What is Legionnaire’s Disease and How Can You Avoid It?

A building in China marked by several window-unit air conditioners. AC units like these can cause moisture buildup and offer the bacterium that causes legionnaire's disease a habitat in which to multiply.

A building in China marked by several window-unit air conditioners. AC units like these can cause moisture buildup and offer the bacterium that causes legionnaire's disease a habitat in which to multiply.

At US Air Purifiers, we often get questions about using air purification systems to prevent or reduce the symptoms of specific diseases. While asthma, the cold, flu and other such common diseases are the ones we get asked about most often, there are many rarer diseases that are just as important, if not more so, to protect yourself against. One of these is a little-known illness known as legionnaire’s disease, which is a type of bacterial pneumonia. In this article, we’ll be answering all of your questions about this rare disease, including:


  •   What is legionnaire’s disease?
  •   How does someone get legionnaire’s disease?
  •   How can I protect myself against it?
  •   Just how common is it?


  What is Legionnaire’s Disease and How Do You Get It?


Legionnaire’s disease is among the diseases that was not discovered until relatively recently. It takes its name from the source of its discovery, an annual meeting of the American Legion in Philadelphia that took place in 1976.  After the convention was over, legionnaires who had attended it began falling ill and dying, with several fatalities eventually occurring. The cause was eventually discovered to have been a form of bacteria, afterwards called legionella,  that had been present in the air conditioning system of the hotel that hosted the convention.


Unlike some diseases, legionnaire’s disease isn’t spread person-to-person, but instead by inhaling legionella in water vapor. This transmission method is a large part of what makes air conditioning systems, which condense moisture during the cooling process, such good mechanisms for the spread of the disease. Left untreated, the bacteria will cause severe pneumonia, muscular aches, severe coughing (often with blood) and a range of other possible symptoms. Hospitalization and professional medical treatment is almost always required.


  Protecting Yourself From Legionnaire’s Disease


Since the bacterium that causes legionnaire’s disease is transmitted through airborne water, one of the best ways to prevent the disease is to ensure that there is not a source of standing water in your home that could offer legionella a habitat. Common culprits include leaks from air conditioning units, contaminated water pipes and pools, spas or hot tubs that are not being properly treated.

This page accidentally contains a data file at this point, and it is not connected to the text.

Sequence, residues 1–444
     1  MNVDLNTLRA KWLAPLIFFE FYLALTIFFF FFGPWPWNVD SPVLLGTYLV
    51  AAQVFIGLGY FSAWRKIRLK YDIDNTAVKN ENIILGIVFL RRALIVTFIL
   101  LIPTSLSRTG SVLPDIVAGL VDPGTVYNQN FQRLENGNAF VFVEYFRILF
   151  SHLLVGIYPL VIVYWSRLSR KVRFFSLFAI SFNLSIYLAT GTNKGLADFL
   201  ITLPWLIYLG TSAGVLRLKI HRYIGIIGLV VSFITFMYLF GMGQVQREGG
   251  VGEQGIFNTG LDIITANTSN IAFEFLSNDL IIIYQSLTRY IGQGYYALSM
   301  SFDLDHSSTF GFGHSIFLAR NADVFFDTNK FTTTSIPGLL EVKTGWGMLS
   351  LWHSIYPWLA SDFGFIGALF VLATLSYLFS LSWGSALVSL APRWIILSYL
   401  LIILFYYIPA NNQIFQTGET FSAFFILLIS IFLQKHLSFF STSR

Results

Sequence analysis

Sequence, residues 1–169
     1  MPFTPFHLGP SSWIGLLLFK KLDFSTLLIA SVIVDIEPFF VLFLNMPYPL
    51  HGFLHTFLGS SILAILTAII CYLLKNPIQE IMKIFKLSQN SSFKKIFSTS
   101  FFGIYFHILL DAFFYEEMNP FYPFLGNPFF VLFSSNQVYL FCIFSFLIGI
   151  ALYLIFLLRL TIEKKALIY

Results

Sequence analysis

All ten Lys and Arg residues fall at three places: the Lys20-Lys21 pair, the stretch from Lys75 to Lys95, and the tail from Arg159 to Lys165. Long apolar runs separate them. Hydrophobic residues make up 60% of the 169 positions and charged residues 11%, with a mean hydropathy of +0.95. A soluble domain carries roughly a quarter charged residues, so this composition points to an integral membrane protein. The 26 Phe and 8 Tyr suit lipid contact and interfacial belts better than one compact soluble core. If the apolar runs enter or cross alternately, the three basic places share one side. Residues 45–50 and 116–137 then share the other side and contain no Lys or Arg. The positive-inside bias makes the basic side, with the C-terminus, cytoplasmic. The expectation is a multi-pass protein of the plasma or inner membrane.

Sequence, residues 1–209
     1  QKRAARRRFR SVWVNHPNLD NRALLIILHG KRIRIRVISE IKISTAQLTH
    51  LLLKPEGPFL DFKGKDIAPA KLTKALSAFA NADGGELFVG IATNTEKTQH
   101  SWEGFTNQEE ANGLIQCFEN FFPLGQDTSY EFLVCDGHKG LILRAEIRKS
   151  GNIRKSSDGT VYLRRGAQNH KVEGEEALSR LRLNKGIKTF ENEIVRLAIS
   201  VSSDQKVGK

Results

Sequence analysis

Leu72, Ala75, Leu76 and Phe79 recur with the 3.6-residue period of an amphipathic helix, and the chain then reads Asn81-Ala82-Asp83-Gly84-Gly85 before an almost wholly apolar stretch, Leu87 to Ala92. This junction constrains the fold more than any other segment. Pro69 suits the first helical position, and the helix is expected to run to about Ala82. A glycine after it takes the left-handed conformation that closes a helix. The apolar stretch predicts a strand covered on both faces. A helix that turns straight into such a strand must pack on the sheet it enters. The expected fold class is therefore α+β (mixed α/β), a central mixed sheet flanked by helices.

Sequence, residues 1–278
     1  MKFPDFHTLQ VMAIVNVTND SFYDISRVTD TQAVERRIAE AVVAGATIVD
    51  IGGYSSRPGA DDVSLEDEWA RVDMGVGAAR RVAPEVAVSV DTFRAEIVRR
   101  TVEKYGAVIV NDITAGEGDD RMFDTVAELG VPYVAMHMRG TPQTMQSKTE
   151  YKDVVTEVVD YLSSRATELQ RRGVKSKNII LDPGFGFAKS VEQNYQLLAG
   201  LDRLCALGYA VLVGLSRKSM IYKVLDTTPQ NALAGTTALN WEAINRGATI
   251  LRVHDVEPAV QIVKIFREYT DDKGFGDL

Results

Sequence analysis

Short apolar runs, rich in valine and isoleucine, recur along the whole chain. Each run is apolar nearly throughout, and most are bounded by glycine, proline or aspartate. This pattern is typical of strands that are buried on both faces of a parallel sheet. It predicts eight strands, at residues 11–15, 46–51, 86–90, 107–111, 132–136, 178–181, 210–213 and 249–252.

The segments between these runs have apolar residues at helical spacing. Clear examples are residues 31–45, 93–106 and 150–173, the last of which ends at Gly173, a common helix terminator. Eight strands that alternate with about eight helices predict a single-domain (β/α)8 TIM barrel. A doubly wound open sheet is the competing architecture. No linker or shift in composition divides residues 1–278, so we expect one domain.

Protecting yourself from legionnaire’s disease is difficult, given the fact that all homes will require at least some water. However, there are certain steps you can take to lower the chance of bacterial contamination occurring. First and foremost, be sure you have your central air and heating system inspected on a regular basis. Standing water leaking from a central HVAC system can provide an ideal habitat for legionella.  Fortunately, modern air systems are designed to prevent this, so a basic inspection will confirm that no standing water issues are occurring.


For increased protection, you can also use a high-grade air purifier. Any purifier with a UV antimicrobial lamp will be able to kill off the bacteria that cause legionnaire’s disease. One of the best options for this is the Field Controls TRIO air purifier, which offers medical-level purification of particles, gases and bacteria. A standard HEPA filter will also catch the vast majority of legionella bacteria present in the air.


  How Common in Legionnaire’s Disease?


Before you start getting too worried about your chances of getting legionnaire’s disease, you should know that it is considered to be a very rare disease, with only about 6,000 cases reported in the United States each year. A variety of different factors can impact your chance of infection, including pre-existing respiratory conditions and a compromised immune system. Luckily, the same steps you would take to prevent against this rare, but extremely serious, disease will also be effective in preventing a wide range of other problems, including similar bacterial infections and mold-related illnesses.